‘Here’ and ‘now’
While space-time metaphor is a source of regular prepositional and adverbial polysemy, in deixis, spatial words are generally not prone to evolving into temporal markers. However, Russian spatial proximity marker tut ‘here,’ which develops temporal proximity meanings, demonstrates a deviation from this tendency. Its meaning, though, is different from the meanings of classical deictic markers of temporal proximity, such as sejčas ‘now.’ Tut develops a synthetic meaning of actuality, which comprises the following semantic elements: (a) time period which includes the moment of speech, and such moments preceding and following it that are sufficiently close to the moment of speech to retain connection with it; (b) physical or mental space that includes the speaker; (c) a situation where the speaker is either a participant or an observer. Besides its special semantic properties, tut is characterized by communicative and prosodic peculiarities.
The article discusses one argument in favor of descriptive theory of reference of proper names against the theory of direct reference which appeals to a famous example of the ship of Theseus. The author defends the latter theory by means of distinguishing the object of direct reference and its principles of individuation. The argument is discussed with reference to the works of H. Chandler, L. Linsky, S. Kripke, N. Salmon and other theorists.
The article examines the formation of monologue speech and the infl uence of linguistic laws of incorporation and contamination on this process. It contains analysis of the semantic structure of monologue carried out on the basis of key words and nuclear tones of theme centres and their prosodic depiction. The analysis was performed on spontaneous monologues. The results of the acoustic analysis and statistics data were obtained through the computer programme Speech Analyzer
The article deals, in a typological perspective, with verbs describing sounds of inanimate objects (cf. the noise of a door being opened, of coins in somebody’s pocket, of a river, etc.). The analysis is based on the data from four languages (Russian, German, Komi-Zyrjan, Khanty), which were obtained from dictionaries, corpora and field investigation. We discuss, first, the primary meanings of these verbs and identify the parameters that underlie semantic distinctions between them (type of sound source and its features, type of situation causing the emission of a sound, acoustic properties of sounds). Then we consider the derived meanings of sound verbs, which are developed through metonymic and metaphoric shifts and analyze the mechanisms behind each of these shifts. Finally, we examine a type of semantic change in our data which cannot be explained in terms of either of those mechanisms and hence represents a separate kind of meaning shift.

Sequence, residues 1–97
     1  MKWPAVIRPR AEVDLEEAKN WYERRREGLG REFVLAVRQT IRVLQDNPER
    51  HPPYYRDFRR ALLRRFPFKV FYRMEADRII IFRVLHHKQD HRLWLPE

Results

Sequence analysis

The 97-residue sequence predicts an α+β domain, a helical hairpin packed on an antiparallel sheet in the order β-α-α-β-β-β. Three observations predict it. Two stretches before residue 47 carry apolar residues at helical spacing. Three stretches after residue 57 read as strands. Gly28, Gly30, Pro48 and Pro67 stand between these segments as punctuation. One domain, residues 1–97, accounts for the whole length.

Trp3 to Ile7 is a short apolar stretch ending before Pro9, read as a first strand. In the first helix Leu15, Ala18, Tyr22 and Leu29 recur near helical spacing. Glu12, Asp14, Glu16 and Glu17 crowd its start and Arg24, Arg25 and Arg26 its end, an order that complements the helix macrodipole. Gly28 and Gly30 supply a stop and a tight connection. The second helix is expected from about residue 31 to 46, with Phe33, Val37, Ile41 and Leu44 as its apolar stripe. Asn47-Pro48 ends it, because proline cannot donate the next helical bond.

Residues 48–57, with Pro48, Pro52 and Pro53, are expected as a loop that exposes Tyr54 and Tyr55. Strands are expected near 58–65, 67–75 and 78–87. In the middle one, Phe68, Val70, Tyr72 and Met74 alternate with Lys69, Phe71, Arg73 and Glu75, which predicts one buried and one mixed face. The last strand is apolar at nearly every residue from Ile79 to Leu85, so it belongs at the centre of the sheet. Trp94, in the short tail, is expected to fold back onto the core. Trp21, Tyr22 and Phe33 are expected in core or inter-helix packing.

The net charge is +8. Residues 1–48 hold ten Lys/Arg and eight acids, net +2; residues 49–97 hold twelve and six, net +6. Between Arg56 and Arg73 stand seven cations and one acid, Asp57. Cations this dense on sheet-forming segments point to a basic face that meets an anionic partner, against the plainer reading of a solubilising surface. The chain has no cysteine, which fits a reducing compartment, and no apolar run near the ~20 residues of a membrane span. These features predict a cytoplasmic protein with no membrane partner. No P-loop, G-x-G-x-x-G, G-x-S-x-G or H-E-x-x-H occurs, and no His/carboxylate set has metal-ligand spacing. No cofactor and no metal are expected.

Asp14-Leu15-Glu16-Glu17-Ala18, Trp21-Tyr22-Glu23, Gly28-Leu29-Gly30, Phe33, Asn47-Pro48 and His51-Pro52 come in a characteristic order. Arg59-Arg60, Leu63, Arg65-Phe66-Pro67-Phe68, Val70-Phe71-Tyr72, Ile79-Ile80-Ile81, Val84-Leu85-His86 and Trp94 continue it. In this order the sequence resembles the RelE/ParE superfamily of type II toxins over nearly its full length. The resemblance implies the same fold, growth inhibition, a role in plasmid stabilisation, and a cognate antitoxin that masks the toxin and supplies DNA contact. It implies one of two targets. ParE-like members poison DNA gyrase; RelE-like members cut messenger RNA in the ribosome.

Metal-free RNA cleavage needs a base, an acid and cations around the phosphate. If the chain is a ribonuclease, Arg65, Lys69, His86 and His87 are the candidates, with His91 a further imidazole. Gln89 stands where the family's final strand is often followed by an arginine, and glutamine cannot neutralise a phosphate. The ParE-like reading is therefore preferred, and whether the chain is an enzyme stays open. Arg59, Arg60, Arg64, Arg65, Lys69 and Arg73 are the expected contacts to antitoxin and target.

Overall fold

The volume is a collection of papers devoted to the expression of motion concepts in various languages which were written by The authors of the volume include researchers in linguistics, computer science, psychology and cognitive science.
This is an interdisciplinary volume that focuses on the central topic of the representation of events, namely cross-cultural differences in representing time and space, as well as various aspects of the conceptualisation of space and time. It brings together research on space and time from a variety of angles, both theoretical and methodological. Crossing boundaries between and among disciplines such as linguistics, psychology, philosophy, or anthropology forms a creative platform in a bold attempt to reveal the complex interaction of language, culture, and cognition in the context of human communication and interaction.
The authors address the nature of spatial and temporal constructs from a number of perspectives, such as cultural specificity in determining time intervals in an Amazonian culture, distinct temporalities in a specific Mongolian hunter community, Russian-specific conceptualisation of temporal relations, Seri and Yucatec frames of spatial reference, memory of events in space and time, and metaphorical meaning stemming from perception and spatial artefacts, to name but a few themes.
This paper points on the notion of the mental language in the W. Ockham`s system. It outlines two main paradigms of its analysis and gives a description of the connection between mental language and conventional languages. This paper also offers the short basis of the Ockham`s concept theory and the analysis of the notion of ‘signification’.
In this article we present the results of research into discourse features characterising a lexico-semantic group of synonyms denoting a human being: human being, person, individual, personality and man. The main tool for analysis was language corpora, which made it possible not only to determine more precisely the functional styles the lexemes tend to be used in, but also to describe thematic characteristics of the texts in which the analysed lexical units show the highest frequency of use